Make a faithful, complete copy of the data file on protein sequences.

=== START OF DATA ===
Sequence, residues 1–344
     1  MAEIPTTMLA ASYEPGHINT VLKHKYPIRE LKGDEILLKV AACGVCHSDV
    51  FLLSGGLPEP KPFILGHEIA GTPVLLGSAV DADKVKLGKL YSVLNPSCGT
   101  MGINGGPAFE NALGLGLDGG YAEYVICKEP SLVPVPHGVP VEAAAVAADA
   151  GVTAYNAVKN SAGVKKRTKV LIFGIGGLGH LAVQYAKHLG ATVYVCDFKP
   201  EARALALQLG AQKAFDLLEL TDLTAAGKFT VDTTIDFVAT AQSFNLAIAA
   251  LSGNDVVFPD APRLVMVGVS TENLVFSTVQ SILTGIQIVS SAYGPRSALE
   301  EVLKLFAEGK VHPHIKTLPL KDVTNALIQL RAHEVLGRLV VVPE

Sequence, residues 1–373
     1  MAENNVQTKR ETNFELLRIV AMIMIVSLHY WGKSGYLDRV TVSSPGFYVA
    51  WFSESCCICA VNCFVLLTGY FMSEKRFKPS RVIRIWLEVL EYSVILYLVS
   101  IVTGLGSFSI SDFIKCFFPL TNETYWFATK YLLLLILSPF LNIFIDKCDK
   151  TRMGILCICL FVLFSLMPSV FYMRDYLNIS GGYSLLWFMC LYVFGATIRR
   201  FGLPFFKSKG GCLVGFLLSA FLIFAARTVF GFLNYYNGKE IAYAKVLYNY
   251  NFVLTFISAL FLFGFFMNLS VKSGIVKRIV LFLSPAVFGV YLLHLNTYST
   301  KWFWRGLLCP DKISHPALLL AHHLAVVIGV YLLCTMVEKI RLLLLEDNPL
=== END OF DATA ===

Sequence, residues 1–344
     1  MAEIPTTMLA ASYEPGHINT VLKHKYPIRE LKGDEILLKV AACGVCHSDV
    51  FLLSGGLPEP KPFILGHEIA GTPVLLGSAV DADKVKLGKL YSVLNPSCGT
   101  MGINGGPAFE NALGLGLDGG YAEYVICKEP SLVPVPHGVP VEAAAVAADA
   151  GVTAYNAVKN SAGVKKRTKV LIFGIGGLGH LAVQYAKHLG ATVYVCDFKP
   201  EARALALQLG AQKAFDLLEL TDLTAAGKFT VDTTIDFVAT AQSFNLAIAA
   251  LSGNDVVFPD APRLVMVGVS TENLVFSTVQ SILTGIQIVS SAYGPRSALE
   301  EVLKLFAEGK VHPHIKTLPL KDVTNALIQL RAHEVLGRLV VVPE

Sequence, residues 1–373
     1  MAENNVQTKR ETNFELLRIV AMIMIVSLHY WGKSGYLDRV TVSSPGFYVA
    51  WFSESCCICA VNCFVLLTGY FMSEKRFKPS RVIRIWLEVL EYSVILYLVS
   101  IVTGLGSFSI SDFIKCFFPL TNETYWFATK YLLLLILSPF LNIFIDKCDK
   151  TRMGILCICL FVLFSLMPSV FYMRDYLNIS GGYSLLWFMC LYVFGATIRR
   201  FGLPFFKSKG GCLVGFLLSA FLIFAARTVF GFLNYYNGKE IAYAKVLYNY
   251  NFVLTFISAL FLFGFFMNLS VKSGIVKRIV LFLSPAVFGV YLLHLNTYST
   301  KWFWRGLLCP DKISHPALLL AHHLAVVIGV YLLCTMVEKI RLLLLEDNPL